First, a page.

The following titles were not part of the Ballantine Adult Fantasy Series proper, but were published (or planned) before Lin Carter came aboard as a consultant for Ballantine. Carter has stated that he would have urged Ballantine to publish them if they hadn’t already (and in fact, many have had the Unicorn’s Head colophon added in later printings). Anyone collecting the series should consider pursuing these titles.

THE HOBBIT, J.R.R. Tolkien. August, 1965.
THE FELLOWSHIP OF THE RING, J.R.R. Tolkien. October, 1965.
THE TWO TOWERS, J.R.R. Tolkien. October, 1965.
THE RETURN OF THE KING, J.R.R. Tolkien. December, 1965.
THE TOLKIEN READER, J.R.R. Tolkien. September, 1966.
THE WORM OUROBOROS, E.R. Eddison. April, 1967.
MISTRESS OF MISTRESSES, E.R. Eddison. August, 1967.
A FISH DINNER IN MEMISON, E.R. Eddison. February, 1968.
THE ROAD GOES EVER ON, J.R.R. Tolkien & Donald Swann. October, 1968.
TITUS GROAN, Mervyn Peake. October, 1968.
GORMENGHAST, Mervyn Peake. October, 1968.
TITUS ALONE, Mervyn Peake. October, 1968.
A VOYAGE TO ARCTURUS, David Lindsay. November, 1968.
THE LAST UNICORN, Peter S. Beagle. February, 1969.
THE MEZENTIAN GATE, E.R. Eddison. April, 1969.

NOTE: Of these 16 titles, 6 that I know of had Unicorn Heads attached in later printings: THE WORM OUROBOROS, TITUS GROAN, GORMENGHAST, TITUS ALONE, A VOYAGE TO ARCTURUS, and THE LAST UNICORN. This has caused some confusion as to whether they really are a part of the series or not. Some of these reprints were out by the time Carter compiled his series list and he didn’t include them, so I’m toeing his line. Having said that though, I think anyone trying for a complete set should try to get all six of these earlier titles in their Unicorn Head printings. Something else worth noting is THE LAST UNICORN and THE MEZENTIAN GATE state “A BALLANTINE ADULT FANTASY” on the front cover by the spine in their first printings, in apparent anticipation of the start of the series proper (the agreement for Carter to edit the Series having been signed 11/22/68).

The Series

In the back of IMAGINARY WORLDS, a “look behind adult fantasy” volume, Lin Carter provided a listing of what titles had been published in the Ballantine Adult Fantasy Series up to that point. That list is provided here, and expanded to cover the series to its conclusion.


1. THE BLUE STAR, Fletcher Pratt. May.
3. THE WOOD BEYOND THE WORLD, William Morris. July.
4. THE SILVER STALLION, James Branch Cabell. August.
5. LILITH, George Macdonald. September.
6. DRAGONS, ELVES, AND HEROES, Lin Carter, ed. October.
7. THE YOUNG MAGICIANS, Lin Carter, ed. October.
8. FIGURES OF EARTH, James Branch Cabell. November.
9. THE SORCERER’S SHIP, Hannes Bok. December.


10. LAND OF UNREASON, Fletcher Pratt & L. Sprague de Camp. January.
11. THE HIGH PLACE, James Branch Cabell. February.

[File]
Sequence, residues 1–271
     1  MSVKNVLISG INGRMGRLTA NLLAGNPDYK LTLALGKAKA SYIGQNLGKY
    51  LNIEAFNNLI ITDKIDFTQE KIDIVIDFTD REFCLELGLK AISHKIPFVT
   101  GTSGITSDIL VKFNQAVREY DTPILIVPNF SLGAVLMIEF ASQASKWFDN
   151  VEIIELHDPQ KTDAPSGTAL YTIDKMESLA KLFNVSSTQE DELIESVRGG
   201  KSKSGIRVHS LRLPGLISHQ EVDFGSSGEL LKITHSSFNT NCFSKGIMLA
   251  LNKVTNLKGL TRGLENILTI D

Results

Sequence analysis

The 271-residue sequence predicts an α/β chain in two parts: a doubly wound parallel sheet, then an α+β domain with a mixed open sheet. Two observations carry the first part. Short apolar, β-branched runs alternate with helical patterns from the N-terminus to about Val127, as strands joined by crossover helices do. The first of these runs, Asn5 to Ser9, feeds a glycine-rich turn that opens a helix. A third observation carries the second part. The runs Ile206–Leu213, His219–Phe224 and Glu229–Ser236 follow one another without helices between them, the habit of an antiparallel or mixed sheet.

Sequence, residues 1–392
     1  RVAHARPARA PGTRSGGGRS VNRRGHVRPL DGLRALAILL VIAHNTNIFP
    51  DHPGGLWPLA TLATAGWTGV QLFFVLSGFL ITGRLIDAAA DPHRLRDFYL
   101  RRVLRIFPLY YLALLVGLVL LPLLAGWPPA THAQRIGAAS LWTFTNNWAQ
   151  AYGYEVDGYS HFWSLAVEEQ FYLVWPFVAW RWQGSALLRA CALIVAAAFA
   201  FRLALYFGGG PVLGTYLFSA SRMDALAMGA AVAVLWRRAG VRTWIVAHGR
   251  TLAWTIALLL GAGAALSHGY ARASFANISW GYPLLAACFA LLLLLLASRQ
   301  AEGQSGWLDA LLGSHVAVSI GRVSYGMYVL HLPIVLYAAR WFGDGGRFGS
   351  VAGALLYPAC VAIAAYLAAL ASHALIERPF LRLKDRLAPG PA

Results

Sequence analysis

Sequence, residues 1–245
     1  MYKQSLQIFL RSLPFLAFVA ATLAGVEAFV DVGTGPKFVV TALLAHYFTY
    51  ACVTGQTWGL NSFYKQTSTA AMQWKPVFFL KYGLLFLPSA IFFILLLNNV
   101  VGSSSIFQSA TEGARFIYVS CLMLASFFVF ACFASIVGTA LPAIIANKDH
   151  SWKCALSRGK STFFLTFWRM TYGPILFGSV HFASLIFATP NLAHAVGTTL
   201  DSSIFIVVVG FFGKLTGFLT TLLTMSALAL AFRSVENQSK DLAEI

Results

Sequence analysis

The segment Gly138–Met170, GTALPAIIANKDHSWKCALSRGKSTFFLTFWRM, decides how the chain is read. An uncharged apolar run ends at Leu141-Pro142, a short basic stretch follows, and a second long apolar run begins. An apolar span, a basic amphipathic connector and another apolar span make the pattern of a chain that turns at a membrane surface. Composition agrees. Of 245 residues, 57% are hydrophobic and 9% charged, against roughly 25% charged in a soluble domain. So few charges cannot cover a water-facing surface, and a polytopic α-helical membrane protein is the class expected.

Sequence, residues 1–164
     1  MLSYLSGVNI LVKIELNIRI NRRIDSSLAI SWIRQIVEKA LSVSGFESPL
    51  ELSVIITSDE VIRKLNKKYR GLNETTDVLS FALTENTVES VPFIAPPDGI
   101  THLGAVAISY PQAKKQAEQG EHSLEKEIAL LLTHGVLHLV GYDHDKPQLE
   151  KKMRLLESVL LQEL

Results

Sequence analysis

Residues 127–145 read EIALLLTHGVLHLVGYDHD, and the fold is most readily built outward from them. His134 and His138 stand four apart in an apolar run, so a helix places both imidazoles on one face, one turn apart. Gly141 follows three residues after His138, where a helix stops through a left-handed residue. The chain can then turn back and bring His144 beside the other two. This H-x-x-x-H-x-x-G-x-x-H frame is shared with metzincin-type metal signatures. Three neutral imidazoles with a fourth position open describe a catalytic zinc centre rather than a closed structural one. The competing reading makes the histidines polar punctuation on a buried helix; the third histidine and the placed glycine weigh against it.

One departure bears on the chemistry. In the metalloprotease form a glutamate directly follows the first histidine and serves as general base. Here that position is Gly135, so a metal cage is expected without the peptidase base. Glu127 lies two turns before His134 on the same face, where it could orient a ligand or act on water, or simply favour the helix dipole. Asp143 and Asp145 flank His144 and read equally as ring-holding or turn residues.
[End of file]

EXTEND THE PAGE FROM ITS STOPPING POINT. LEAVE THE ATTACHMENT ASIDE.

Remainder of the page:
12. LUD-IN-THE-MIST, Hope Mirrlees. March.
13. AT THE EDGE OF THE WORLD, Lord Dunsany. March.
14. PHANTASTES, George Macdonald. April.
16. ZOTHIQUE, Clark Ashton Smith. June.
17. THE SHAVING OF SHAGPAT, George Meredith. July.
18. THE ISLAND OF THE MIGHTY, Evangeline Walton. July.
19. DERYNI RISING, Katherine Kurtz. August.
20. THE WELL AT THE WORLD’S END, Vol. 1, William Morris. August.
21. THE WELL AT THE WORLD’S END, Vol. 2, William Morris. September.
22. GOLDEN CITIES, FAR, Lin Carter, ed. October.
23. BEYOND THE GOLDEN STAIR, Hannes Bok. November.


24. THE BROKEN SWORD, Poul Anderson. January.
25. THE BOATS OF THE `GLEN CARRIG’, William Hope Hodgson. February.
26. THE DOOM THAT CAME TO SARNATH, H.P. Lovecraft. February.
27. SOMETHING ABOUT EVE, James Branch Cabell. March.
29. HYPERBOREA, Clark Ashton Smith. April.
31. VATHEK, William Beckford. June.
32. THE MAN WHO WAS THURSDAY, G.K. Chesterton. July.
33. THE CHILDREN OF LLYR, Evangeline Walton. August.
34. THE CREAM OF THE JEST, James Branch Cabell. September.
35. NEW WORLDS FOR OLD, Lin Carter, ed. September.
36. THE SPAWN OF CTHULHU, Lin Carter, ed. October.
37. DOUBLE PHOENIX, Edmund Cooper & Roger Lancelyn Green. November.
38. THE WATER OF THE WONDEROUS ISLES, William Morris. November.
39. KHALED, F. Marion Crawford. December.


40. THE WORLD’S DESIRE, H. Rider Haggard & Andrew Lang. January.
41. XICCARPH, Clark Ashton Smith. February.
42. THE LOST CONTINENT, C.J. Cutcliffe-Hyne. February.
43. DISCOVERIES IN FANTASY, Lin Carter, ed. March.
44. DOMNEI, James Branch Cabell. March.
45. KAI LUNG’S GOLDEN HOURS, Ernest Bramah. April.
46. DERYNI CHECKMATE, Katherine Kurtz. May.
47. BEYOND THE FIELDS WE KNOW, Lord Dunsany. May.
48. THE THREE IMPOSTERS, Arthur Machen. June.
49. THE NIGHT LAND, Vol. 1, William Hope Hodgson. July.
50. THE NIGHT LAND, Vol. 2, William Hope Hodgson. July.
51. THE SONG OF RHIANNON, Evangeline Walton. August.
52. GREAT SHORT NOVELS OF ADULT FANTASY #1, Lin Carter, ed. September.
53. EVENOR, George Macdonald. November.


54. ORLANDO FURIOSO: The Ring of Angelica, Volume 1, Translation by Richard Hodgens. January.
55. THE CHARWOMAN’S SHADOW, Lord Dunsany. February.
56. GREAT SHORT NOVELS OF ADULT FANTASY #2, Lin Carter, ed. March.
57. THE SUNDERING FLOOD, William Morris. May.

NOTE: Lin Carter’s list stops here.

58. IMAGINARY WORLDS, Lin Carter. June.
59. POSEIDONIS, Clark Ashton Smith. July.
60. EXCALIBUR, Sanders Anne Laubenthal. August.
61. HIGH DERYNI, Katherine Kurtz. September.
62. HROLF KRAKI’S SAGA, Poul Anderson. October.
63. THE PEOPLE OF THE MIST, H. Rider Haggard. December.


64. KAI LUNG UNROLLS HIS MAT, Ernest Bramah. February.
65. OVER THE HILLS AND FAR AWAY, Lord Dunsany. April.

Honorable Mention

MERLIN’S RING, H. Warner Munn. June, 1974.

NOTE: This book has all the right attributes, the Lin Carter introduction, the Gallardo cover art- it’s just missing the Unicorn’s Head colophon. Surely a left-over from the series proper.

PRINCE OF ANNWN, Evangeline Walton. November, 1974.

NOTE: Another left-over, but this time there is no introduction by Lin Carter. A necessary title as it completes the Mabinogi cycle started and continued by Walton’s three books issued under the Unicorn’s Head colophon.